Bryant continued on the emphasize the importance of underrepresented students having a mentor who may have shared life experiences and has overcome similar struggles. Bryant also believes that students who aren’t from under represented cultures would benefit from these interactions as well.

“For [non-underrepresented students] to know, and see, and connect with professors and administration at the university, so that they can see barriers have been broken, and they can broaden their connectivity, with people who may not look like them, and gain an appreciation,” Bryant said.

Bryant added that she believes these kinds of interactions may lead to a more open and accepting environment in the future. Bryant also stated that another purpose of the SWOT analyses is to get an understanding of what faculty and staff believe are the most important areas to improve in for the new institution.

“Faculty also recognize the need for having an inclusive environment on campus, so that all people feel safe on all three campuses,” Bryant said. “This SWOT analysis hopefully will inform what we need to do in terms of training.”

Although new to the position, Bryant mentioned that some of the problems she’s heard associated with recruiting diverse staff include monetary compensation, as well as the difference in culture in the south as opposed to where the applicant may have been more acclimated to.

President Hebert also asserted the importance of the new council to the consolidated university.

“[The President’s Diversity Advisory Council was created] to provide a forum for the discussion of diversity related issues, on any of our campuses. That council reports to me, so I felt it was absolutely necessary that we had a direct communication, from a group who it considering diversity issues on our campuses, to the president’s office,” Hebert said in an interview on February 28.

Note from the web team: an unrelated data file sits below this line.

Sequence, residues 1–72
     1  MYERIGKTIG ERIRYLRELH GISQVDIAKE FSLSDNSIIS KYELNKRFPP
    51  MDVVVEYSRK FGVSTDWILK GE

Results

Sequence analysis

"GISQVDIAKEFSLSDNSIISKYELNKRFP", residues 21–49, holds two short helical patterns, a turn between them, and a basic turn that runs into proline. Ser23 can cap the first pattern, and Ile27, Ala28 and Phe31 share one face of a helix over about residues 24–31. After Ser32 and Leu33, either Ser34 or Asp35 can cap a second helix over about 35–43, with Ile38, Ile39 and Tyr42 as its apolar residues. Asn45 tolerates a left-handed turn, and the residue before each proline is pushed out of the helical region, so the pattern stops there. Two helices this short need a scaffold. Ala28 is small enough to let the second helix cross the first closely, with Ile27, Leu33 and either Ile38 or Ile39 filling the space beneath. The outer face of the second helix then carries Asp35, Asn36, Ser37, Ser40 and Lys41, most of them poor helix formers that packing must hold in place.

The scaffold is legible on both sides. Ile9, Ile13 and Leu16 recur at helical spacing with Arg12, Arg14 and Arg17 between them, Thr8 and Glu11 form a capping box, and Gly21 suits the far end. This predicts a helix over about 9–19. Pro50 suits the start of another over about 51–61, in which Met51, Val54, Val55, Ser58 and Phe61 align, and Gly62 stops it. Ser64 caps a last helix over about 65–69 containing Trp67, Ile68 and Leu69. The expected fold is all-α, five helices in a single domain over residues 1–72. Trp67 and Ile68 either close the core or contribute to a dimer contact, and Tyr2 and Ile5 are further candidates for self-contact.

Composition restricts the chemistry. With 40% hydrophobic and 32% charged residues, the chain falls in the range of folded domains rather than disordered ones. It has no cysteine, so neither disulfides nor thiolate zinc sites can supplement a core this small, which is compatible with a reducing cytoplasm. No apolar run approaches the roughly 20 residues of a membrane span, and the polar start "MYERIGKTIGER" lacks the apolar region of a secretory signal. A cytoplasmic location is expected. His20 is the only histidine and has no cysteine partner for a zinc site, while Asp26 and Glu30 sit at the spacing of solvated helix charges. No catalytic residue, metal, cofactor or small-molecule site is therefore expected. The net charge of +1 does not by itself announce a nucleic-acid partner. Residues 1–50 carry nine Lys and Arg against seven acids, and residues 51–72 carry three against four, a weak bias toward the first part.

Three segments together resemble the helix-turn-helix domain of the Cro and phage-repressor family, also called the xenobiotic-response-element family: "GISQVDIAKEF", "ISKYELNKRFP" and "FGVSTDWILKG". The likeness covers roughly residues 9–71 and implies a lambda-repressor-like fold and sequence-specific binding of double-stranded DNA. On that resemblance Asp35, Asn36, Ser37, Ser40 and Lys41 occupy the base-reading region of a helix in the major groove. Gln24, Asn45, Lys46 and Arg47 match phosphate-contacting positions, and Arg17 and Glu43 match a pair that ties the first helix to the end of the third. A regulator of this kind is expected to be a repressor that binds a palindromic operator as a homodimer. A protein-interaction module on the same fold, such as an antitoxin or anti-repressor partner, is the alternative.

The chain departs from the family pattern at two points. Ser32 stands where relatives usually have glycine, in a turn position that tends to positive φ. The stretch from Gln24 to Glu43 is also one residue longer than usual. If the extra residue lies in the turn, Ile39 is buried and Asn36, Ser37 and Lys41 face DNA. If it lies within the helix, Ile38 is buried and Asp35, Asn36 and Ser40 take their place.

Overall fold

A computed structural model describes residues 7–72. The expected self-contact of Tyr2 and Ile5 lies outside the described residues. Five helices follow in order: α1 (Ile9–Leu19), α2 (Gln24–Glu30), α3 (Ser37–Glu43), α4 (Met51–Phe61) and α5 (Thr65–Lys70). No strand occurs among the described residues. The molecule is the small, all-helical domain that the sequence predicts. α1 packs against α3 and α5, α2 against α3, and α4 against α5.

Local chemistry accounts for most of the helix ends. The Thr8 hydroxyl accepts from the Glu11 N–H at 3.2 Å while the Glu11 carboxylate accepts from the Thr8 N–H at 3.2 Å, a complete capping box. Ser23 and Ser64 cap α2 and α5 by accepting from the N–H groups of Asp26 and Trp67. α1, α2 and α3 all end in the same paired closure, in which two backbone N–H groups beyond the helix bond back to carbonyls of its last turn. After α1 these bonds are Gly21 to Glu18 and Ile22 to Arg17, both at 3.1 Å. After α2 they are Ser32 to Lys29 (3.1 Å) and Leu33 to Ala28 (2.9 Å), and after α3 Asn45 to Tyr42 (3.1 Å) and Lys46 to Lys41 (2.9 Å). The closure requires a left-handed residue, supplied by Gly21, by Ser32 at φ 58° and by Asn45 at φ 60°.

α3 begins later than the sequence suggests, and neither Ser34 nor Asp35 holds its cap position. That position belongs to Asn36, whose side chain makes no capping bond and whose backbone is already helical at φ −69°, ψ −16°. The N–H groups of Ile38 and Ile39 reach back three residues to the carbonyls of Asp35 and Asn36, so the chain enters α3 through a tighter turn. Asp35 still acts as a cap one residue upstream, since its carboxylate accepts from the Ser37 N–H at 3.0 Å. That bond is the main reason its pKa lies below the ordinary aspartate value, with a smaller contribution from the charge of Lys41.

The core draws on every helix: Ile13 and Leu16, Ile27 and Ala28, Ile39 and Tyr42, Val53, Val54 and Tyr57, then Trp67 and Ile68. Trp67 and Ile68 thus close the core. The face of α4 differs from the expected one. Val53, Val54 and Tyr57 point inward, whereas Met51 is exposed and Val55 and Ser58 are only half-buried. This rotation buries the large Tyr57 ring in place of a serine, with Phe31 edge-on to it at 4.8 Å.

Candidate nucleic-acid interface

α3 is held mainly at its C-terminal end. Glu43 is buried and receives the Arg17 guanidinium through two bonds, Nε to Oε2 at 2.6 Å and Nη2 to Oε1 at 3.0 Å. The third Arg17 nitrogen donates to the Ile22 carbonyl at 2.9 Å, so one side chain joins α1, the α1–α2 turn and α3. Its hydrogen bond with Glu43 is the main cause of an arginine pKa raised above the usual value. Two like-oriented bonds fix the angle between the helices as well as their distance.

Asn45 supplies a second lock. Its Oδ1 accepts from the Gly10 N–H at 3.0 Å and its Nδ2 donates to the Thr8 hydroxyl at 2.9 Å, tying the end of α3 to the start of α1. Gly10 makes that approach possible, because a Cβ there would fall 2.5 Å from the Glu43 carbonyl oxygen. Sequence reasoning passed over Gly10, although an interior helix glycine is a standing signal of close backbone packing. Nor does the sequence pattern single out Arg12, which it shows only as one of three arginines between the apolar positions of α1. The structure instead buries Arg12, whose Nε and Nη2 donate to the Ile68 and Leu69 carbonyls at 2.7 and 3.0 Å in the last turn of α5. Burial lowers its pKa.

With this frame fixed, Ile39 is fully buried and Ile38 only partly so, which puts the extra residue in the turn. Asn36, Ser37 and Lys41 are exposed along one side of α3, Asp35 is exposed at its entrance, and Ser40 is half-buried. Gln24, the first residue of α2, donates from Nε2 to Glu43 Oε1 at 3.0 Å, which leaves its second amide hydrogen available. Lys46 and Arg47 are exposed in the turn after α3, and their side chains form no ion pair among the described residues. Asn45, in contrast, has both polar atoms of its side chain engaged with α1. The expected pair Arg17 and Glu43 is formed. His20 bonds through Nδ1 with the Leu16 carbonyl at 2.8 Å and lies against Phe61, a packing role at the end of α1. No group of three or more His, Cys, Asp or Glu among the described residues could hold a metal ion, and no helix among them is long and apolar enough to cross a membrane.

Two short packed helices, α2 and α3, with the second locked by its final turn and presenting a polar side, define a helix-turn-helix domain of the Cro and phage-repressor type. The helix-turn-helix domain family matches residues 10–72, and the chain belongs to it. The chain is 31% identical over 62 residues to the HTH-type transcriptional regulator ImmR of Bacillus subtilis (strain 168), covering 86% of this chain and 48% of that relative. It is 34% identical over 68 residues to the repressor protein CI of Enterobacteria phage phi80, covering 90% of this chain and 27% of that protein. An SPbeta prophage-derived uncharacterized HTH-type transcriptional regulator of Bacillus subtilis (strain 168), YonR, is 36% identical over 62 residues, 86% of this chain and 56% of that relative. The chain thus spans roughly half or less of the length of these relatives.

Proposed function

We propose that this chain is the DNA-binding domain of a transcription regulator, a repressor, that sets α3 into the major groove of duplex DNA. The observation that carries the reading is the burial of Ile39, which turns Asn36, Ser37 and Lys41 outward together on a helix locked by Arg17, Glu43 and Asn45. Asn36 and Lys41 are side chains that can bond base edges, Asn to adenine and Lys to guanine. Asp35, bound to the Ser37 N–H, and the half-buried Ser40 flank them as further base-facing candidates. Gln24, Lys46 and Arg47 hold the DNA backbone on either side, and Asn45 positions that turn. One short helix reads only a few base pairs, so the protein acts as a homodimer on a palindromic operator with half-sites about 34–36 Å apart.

{{tncms-inline content=”<p>“[The President’s Diversity Advisory Council was created] to provide a forum for the discussion of diversity related issues, on any of our campuses. That council reports to me, so I felt it was absolutely necessary that we had a direct communication, from a group who it considering diversity issues on our campuses, to the president’s office,” – President Hebert</p>” id=”5fd40545-795e-4979-b9f7-db669fc85c8a” style-type=”quote” title=”Hebert” type=”relcontent”}}

Getting Students Involved

As Bryant mentioned, the Diversity Council also wants to ensure that the voices and opinions of students. Iyanna Fouce, sophomore early childhood education major felt that GS currently has a moderately diverse staff.

“Yeah, I’d say [GS has] a pretty diverse staff,” Fouce said.

Fouce did make clear the importance of diversity in a university setting.

“I think having a diverse faculty makes students feel more welcome, and when they get here and see others like them it makes them feel more included,” Fouce said.

Kacey Smith, sophomore biology major, echoed this sentiment as well.

“Outside of formal education, there are life lessons to be learned and I feel like that’s where diversity plays a larger role,” Smith said.

Smith also felt like GS has a diverse staff, however she did express concerns with the amount of black professors she has seen on staff.

Ian Leonard, Enterprise Managing Editor, [email protected]